Removal of organic micropollutants and trace metal from water using modified activated carbons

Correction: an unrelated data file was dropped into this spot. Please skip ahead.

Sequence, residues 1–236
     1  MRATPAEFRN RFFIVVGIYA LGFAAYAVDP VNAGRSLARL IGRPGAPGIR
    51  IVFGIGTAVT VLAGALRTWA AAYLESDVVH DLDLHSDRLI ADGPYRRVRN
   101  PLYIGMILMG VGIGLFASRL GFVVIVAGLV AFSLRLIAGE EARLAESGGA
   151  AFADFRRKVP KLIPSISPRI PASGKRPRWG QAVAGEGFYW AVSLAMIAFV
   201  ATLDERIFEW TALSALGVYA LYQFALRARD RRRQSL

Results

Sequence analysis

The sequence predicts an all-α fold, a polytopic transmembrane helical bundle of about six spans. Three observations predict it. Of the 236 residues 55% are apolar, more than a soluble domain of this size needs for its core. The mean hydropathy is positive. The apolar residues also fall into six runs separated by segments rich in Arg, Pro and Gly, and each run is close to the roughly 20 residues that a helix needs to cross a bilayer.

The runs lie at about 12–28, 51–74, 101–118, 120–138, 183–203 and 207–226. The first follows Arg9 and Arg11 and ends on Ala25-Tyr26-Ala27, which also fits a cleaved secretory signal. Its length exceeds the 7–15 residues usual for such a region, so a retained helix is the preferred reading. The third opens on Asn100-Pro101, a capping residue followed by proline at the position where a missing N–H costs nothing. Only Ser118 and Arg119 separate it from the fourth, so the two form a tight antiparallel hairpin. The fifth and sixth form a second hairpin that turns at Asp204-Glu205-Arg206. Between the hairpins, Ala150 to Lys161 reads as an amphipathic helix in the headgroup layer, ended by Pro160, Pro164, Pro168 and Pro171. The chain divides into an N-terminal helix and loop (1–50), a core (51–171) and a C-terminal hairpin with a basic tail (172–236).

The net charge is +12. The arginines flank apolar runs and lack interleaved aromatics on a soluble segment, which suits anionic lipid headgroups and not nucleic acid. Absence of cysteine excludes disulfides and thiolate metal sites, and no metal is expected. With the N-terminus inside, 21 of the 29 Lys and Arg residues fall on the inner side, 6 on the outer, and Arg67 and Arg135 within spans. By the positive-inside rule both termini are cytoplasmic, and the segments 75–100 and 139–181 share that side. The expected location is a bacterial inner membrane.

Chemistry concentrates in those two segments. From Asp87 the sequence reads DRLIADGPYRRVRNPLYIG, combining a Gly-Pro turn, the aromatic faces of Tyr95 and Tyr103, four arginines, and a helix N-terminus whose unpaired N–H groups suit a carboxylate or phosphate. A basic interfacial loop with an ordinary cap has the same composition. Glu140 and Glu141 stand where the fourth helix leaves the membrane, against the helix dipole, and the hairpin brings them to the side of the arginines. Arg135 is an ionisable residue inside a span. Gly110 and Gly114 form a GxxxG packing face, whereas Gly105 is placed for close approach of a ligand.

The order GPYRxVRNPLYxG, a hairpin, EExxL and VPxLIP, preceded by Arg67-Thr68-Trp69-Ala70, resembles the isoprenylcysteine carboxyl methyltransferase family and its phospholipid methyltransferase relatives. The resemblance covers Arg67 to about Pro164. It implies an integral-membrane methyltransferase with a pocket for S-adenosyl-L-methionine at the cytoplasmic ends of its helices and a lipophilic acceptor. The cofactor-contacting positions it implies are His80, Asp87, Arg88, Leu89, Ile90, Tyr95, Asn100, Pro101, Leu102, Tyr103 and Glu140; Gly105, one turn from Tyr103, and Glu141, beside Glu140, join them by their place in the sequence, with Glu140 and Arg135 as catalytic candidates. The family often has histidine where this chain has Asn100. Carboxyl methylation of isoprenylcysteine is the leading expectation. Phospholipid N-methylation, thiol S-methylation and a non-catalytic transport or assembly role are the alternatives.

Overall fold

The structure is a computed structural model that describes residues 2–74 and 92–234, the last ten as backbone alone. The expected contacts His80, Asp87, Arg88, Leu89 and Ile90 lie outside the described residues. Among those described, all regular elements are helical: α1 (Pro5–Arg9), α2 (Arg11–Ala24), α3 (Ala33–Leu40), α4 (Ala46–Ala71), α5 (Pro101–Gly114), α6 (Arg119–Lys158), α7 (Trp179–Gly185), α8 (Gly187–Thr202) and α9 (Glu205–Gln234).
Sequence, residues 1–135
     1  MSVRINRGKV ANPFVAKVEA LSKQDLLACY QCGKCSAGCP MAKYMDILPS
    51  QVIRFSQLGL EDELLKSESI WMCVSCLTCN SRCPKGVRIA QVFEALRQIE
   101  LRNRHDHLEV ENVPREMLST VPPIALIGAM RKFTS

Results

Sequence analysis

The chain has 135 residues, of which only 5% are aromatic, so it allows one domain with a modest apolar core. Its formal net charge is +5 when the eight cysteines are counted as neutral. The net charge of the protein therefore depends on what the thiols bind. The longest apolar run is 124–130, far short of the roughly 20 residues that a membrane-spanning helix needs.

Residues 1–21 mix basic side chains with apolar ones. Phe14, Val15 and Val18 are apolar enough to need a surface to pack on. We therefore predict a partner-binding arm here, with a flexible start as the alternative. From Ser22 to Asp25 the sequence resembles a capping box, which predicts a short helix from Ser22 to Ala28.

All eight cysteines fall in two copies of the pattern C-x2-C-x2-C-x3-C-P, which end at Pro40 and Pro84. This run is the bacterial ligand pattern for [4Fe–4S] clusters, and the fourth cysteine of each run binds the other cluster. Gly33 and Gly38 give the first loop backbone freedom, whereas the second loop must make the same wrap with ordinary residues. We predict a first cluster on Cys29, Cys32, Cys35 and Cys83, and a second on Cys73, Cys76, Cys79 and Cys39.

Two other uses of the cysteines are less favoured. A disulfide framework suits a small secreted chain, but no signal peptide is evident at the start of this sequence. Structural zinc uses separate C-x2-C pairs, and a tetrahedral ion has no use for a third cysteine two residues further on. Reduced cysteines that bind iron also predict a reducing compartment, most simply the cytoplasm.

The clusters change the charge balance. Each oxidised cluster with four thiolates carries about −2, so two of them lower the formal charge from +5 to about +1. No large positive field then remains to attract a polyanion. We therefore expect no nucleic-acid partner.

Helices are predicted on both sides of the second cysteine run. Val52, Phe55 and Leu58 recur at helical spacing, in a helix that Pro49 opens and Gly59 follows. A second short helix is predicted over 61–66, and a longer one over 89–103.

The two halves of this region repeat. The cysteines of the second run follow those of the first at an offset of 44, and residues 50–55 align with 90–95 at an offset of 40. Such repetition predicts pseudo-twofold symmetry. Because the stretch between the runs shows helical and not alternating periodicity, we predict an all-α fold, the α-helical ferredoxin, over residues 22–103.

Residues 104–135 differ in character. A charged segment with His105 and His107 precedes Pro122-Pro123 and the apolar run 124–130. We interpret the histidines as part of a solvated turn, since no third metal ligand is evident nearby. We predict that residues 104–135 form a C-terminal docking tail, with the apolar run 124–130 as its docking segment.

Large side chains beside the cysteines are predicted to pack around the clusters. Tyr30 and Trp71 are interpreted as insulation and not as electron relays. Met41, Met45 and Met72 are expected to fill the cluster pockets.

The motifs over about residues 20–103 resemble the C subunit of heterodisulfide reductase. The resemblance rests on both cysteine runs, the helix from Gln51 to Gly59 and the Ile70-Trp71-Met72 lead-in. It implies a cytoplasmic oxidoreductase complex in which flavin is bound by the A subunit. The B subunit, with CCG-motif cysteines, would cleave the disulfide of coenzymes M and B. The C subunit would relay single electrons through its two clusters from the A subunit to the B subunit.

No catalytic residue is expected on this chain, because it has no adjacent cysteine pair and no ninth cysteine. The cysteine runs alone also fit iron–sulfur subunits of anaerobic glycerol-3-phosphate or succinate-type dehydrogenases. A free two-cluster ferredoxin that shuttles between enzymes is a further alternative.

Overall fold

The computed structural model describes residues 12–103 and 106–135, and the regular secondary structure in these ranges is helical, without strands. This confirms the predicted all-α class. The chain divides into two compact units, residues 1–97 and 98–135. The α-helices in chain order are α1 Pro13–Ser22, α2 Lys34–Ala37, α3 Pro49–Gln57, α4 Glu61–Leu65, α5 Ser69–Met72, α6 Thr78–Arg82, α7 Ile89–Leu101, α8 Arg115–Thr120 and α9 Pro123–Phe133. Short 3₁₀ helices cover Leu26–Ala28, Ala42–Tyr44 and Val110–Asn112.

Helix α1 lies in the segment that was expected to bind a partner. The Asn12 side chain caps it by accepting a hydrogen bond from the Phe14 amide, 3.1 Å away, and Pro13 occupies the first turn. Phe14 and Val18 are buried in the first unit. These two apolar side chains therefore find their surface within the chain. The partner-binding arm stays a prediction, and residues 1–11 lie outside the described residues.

Pollution of water by herbicides and heavy metals has caused world wide concern because of the adverse effects of these pollutants on the environment, humans and wildlife. This has resulted in tighter legislation being imposed on the levels of these pollutants in drinking water. For example, the European Union (EU) has set the legislation in the drinking water Directive Admissible Concentration for a single herbicide to a maximum of 0.1 ppb. Despite the tight environmental pollution controls, isolated cases of pollutants exceeding their limits are still encountered. This would suggest that research towards the efficient and effective removal of these pollutants will be an on-going process. In this study, sorption of copper and some selected herbicides e.g. atrazine, benazolin and 2,4-dichlorophenoxyacetic acid (2,4-D) was undertaken on a conventional activated carbon and its modified series. A low level detection method was developed using High Performance Liquid Chromatography (HPLC) and this system was used to quantify the sorption capacity of the herbicides. In order to understand the sorption mechanism of the targeted pollutants, physical and chemical characterisation of the adsorbents was undertaken using a variety of techniques. These include, Scanning Electron Microscopy (SEM), X-ray Photoelectron Spectroscopy (XPS), Fourier Transform Infrared (FT-IR) method, pore size distribution and surface area measurements, elemental analysis, sodium capacity determination, zeta potential and pH titration. The sorption data were presented and analysed by conventional adsorption isotherms. Sorption of the herbicides was favoured on carbon samples with least oxygen content while the uptake of copper was strongest in oxidised carbons. Kinetic experimental data were analysed by a pseudo second order model and the Boyd kinetic model. Molecular structural configurations and the physico-chemical properties of the adsorbent played a crucial role in the sorption behaviour of the herbicides.